|*In addition, a volume change of at least 2 ads is needed, otherwise a value of zero is assigned.|
|Month to Month Change in Average Stock Closing Prices|
|Percent Change||Assigned Value|
|8.7% or more||+3|
|4.6% to 8.7%||+2|
|2.1% to 4.6%||+1|
|-0.2% to 2.1%||0|
|-2.9% to -0.2%||-1|
|-7.5% to -2.9%||-2|
About RTI Data
All job postings data used above are derived from JobsEQ, the Real-Time Intelligence (RTI) online job ad data set, pulled from over 40,000 websites and updated daily. Each month of ads is defined as new online ads that first appeared in that month. All ad counts represent deduplicated figures. RTI data are available to the public via a SAAS subscription license or by API access; contact Chmura for more details.
 “Are Online Job Postings Informative to Investors?” Elizabeth F. Gutierrez, Ben Lourie, Alexander Nekrasov, Terry J. Shevlin. July 2019. https://papers.ssrn.com/sol3/papers.cfm?abstract_id=3342669
 This change is statistically significant.
 In other words, we compared the year-over-year changes in job ads in 2018-2019 with the year-over-year changes in stock prices in the same 2018-2019 period. In addition, we compared the 2019-2020 change in job ads to the 2019-2020 change in stock prices.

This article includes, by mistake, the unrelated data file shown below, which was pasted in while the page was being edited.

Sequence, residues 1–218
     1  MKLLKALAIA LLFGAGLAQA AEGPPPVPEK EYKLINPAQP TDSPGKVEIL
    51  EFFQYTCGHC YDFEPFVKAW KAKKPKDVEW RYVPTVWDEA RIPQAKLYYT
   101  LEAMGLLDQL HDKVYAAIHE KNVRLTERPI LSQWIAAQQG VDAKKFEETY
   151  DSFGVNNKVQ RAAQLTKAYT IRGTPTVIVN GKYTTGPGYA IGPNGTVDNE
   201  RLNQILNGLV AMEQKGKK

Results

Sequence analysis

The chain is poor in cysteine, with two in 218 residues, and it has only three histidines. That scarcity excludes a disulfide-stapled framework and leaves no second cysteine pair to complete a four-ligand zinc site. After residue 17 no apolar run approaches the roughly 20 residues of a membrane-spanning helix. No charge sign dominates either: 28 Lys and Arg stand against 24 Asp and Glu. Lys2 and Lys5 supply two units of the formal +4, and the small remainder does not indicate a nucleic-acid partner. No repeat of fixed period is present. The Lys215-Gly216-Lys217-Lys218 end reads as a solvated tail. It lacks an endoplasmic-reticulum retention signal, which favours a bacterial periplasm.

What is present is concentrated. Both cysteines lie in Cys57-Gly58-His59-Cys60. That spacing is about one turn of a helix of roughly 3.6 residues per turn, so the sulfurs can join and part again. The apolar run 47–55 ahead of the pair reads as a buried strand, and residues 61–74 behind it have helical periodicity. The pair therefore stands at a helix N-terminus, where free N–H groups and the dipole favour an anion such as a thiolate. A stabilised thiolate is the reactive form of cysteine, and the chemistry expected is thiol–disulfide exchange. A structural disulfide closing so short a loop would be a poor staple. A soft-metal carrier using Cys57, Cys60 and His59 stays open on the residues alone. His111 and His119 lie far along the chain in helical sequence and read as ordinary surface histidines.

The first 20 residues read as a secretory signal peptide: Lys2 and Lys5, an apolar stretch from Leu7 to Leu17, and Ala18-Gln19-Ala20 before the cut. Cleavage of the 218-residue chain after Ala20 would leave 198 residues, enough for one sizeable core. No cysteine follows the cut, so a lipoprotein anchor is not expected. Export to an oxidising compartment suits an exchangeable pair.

The reverse, however, does not hold a positive relationship. In our sample, job ads had a negative correlation with stock prices two months in advance.
 The matching of job ads to company was done via an analysis of the text strings used by each company in websites where that company’s ads were found. Company names often appear in different configurations in online ads. For example, the Sherwin-Williams Company can appear in ads as “Sherwin-Williams Company,” “Sherwin-Williams,” and “Sherwin Williams,” as well as in other variations. Thus, for most companies, such a combination of text strings were researched and used to capture the volume of ads related to an individual company.
 Despite the lack of correlation for this sub-group, keeping these firms in the sample would not affect the overall result; in other words, with small-cap firms still in the sample, the result would still be a statistically significant positive correlation between concurrent annual stock price growth and job ad growth. Likewise for the month-to-month results with small-cap firms still in the sample, the positive statistical correlations remain.